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Saitama medical device makers fill vital health care niche

by Tomoko Otake

Staff Writer

Saitama Prefecture has always been overshadowed by Tokyo, its bigger and glitzier neighbor to the south that is also the capital of Japan. But Saitama, sometimes referred to by its unflattering nickname Dasai-tama (dasai means uncool), is in fact home to a number of small manufacturing businesses developing innovative medical tools and equipment.

According to health ministry statistics, Saitama ranked fourth in 2015 for the value of its medical equipment output among Japan’s 47 prefectures, at ¥116 billion. That is quite a feat considering that Saitama has no major player such as Terumo Corp. — which has large manufacturing bases in Shizuoka Prefecture. Shizuoka ranks No. 1 for medical equipment output, valued at ¥370 billion the same year.

The Saitama Prefectural Government, well aware of the financial constraints faced by small businesses, started providing subsidies in 2014 to firms researching and developing medical products. At a recent event in Tokyo, the prefecture showcased some of their products — ranging from carbon-flame exoskeletons for people who have suffered a spinal cord injury and a breathing training device for people with rare neurological diseases, to mock organs for surgeons in training made from tofu and konnyaku (devil’s tongue jelly).

For Seiichiro Takayama, the second-generation owner of Kotobuki Giken, a small machinery manufacturer in the city of Yashio, the idea for mock organs came a few years ago when he learned through a friend how doctors and medical students were struggling to find materials they could use to practice their surgical techniques. Operating on pig organs, which has long been common practice among novice doctors, is becoming increasingly difficult for ethical reasons.

“I heard that some (resin) organ models developed by major manufacturers cost ¥1 million or ¥2 million, which young doctors couldn’t afford. I also heard that some of them were so desperate that they were cutting holes in cardboard boxes.”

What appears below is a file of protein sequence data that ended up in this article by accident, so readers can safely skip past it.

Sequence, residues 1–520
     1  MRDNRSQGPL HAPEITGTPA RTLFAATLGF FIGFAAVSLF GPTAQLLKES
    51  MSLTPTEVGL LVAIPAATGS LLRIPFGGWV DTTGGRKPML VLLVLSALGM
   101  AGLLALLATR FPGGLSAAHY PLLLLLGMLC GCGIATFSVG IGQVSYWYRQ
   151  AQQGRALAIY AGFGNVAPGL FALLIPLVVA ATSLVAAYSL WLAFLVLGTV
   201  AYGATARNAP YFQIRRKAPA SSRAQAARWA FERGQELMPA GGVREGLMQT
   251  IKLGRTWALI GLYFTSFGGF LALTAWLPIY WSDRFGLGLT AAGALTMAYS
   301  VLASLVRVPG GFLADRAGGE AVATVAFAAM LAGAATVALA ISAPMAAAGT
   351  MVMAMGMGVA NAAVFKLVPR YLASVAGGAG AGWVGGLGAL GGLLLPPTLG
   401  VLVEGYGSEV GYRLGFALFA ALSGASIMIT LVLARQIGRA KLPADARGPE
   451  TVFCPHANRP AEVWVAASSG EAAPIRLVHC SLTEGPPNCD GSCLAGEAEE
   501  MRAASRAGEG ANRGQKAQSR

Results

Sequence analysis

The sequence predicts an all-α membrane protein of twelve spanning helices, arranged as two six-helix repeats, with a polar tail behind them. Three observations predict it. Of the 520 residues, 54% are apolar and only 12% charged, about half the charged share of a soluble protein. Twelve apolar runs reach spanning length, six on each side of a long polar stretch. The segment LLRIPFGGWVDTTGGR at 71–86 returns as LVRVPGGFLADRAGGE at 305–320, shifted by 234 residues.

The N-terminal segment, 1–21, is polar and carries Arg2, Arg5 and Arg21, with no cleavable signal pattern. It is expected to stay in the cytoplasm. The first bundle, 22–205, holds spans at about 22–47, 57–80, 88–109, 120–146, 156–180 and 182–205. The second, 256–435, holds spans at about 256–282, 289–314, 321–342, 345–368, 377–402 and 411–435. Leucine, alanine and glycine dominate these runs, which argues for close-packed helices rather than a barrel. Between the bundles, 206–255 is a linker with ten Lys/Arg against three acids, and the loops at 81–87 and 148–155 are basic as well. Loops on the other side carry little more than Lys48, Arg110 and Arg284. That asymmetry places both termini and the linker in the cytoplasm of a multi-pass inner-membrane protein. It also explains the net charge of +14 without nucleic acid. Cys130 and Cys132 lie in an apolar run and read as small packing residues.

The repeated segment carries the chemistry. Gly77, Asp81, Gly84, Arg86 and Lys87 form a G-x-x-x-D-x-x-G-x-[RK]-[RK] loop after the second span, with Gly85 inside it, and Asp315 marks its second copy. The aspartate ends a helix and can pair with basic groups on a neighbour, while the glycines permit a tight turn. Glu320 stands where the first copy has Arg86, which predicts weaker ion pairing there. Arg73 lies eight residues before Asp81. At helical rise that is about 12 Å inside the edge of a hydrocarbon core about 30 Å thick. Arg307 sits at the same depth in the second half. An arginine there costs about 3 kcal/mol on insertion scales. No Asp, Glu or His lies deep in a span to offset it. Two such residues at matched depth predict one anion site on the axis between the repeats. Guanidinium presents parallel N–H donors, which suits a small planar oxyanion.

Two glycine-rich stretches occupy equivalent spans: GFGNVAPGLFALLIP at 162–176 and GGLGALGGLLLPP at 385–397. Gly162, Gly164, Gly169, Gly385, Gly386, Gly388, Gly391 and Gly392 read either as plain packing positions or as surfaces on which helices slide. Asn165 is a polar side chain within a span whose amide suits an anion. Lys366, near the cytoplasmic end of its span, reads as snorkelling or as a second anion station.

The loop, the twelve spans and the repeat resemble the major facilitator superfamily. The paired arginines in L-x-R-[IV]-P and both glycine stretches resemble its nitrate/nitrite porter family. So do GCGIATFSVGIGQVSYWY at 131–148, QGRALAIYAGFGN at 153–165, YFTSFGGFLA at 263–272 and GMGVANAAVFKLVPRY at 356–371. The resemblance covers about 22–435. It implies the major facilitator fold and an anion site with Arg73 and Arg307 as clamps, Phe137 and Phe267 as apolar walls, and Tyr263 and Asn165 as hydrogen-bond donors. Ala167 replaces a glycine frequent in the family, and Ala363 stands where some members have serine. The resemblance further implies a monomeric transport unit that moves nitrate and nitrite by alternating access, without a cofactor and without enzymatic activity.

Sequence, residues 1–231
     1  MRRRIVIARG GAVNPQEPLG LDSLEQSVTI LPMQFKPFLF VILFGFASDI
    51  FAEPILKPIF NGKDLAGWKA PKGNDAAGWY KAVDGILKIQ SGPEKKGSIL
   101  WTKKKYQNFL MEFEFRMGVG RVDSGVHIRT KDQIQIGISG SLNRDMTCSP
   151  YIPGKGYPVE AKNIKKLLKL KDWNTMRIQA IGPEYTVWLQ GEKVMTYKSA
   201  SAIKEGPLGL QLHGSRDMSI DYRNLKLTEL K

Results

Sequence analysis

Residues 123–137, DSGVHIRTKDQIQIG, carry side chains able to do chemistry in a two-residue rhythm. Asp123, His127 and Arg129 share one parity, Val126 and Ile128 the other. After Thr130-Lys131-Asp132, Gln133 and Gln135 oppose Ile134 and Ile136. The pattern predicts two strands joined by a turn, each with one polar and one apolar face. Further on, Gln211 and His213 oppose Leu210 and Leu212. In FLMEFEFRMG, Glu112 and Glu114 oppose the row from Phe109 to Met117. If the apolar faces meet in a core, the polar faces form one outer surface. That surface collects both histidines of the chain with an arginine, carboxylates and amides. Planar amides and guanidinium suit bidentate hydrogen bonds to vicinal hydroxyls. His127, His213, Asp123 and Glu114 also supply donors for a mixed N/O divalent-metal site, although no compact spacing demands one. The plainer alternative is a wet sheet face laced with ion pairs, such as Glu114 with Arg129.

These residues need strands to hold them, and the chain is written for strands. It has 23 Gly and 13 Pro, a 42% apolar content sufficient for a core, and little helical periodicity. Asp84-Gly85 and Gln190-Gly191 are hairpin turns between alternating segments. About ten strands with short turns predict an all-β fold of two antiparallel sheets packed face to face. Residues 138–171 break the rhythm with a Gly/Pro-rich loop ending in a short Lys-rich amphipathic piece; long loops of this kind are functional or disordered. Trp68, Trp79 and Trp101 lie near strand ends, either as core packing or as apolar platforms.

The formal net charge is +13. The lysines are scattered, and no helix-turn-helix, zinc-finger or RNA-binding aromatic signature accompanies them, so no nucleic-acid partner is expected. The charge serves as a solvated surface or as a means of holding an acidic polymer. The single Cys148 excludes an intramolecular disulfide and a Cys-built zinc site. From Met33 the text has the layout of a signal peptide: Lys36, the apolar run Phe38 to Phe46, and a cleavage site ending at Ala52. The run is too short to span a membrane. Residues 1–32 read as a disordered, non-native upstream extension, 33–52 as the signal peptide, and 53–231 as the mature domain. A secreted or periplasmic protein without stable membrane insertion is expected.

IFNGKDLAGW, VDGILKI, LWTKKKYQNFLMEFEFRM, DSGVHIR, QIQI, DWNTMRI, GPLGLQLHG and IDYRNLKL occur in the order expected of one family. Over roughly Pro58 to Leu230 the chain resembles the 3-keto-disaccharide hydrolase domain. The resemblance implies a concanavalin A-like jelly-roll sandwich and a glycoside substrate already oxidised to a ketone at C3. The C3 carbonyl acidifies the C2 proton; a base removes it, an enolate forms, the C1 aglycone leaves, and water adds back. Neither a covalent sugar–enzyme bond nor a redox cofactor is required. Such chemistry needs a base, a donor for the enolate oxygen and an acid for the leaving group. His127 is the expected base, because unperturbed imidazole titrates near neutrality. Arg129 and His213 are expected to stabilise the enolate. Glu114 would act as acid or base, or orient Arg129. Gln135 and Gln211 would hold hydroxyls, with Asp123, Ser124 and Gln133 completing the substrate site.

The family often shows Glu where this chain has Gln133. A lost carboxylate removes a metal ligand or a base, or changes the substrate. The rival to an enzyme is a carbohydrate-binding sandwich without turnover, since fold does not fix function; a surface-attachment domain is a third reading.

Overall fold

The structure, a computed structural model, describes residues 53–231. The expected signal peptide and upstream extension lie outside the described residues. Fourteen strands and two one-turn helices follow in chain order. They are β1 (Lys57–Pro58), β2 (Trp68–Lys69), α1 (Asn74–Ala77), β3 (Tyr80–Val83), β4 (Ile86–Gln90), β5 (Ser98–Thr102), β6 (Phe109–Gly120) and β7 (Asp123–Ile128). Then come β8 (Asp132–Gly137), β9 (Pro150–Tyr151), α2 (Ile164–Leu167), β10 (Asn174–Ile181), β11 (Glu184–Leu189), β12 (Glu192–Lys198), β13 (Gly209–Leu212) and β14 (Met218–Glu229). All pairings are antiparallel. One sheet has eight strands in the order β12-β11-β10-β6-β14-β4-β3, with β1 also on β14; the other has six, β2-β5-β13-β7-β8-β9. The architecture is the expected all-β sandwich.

As Takayama searched for new materials, it dawned on him that restaurants served sliced konnyaku colored red with additives as an alternative to raw beef liver — a traditional delicacy in Japan — as their textures are similar. He holed up in his factory for a week and tried mixing various ingredients, such as konnyaku powder, tofu and jelly, trying to re-create the texture and firmness of a human organ.

The weeklong experiment convinced him that he had a good chance of developing a mock organ from food — which would be cheaper, easier to dispose of and ethically preferable to animal organs. With funding from the prefectural and central governments, he subsequently hired a part-time worker to continue the experiment for two years.

The fruit of the firm’s labor — called VTT (versatile training tissue) — hit the market last September. Priced at about ¥5,000 apiece, the surface of the mock tissue stretches like human skin and can be cut open with surgical scissors or radio knives. It smells a little like konnyaku, though it doesn’t look or feel like it. “Konnyaku and tofu are mainly consumed in Japan, so in that sense I’m lucky that I don’t have any competitors overseas,” Takayama said, adding that he wants to market the product globally. “I hope that the day will come, in five to 10 years, when doctors around the world say, ‘I used to practice surgery using this.’ “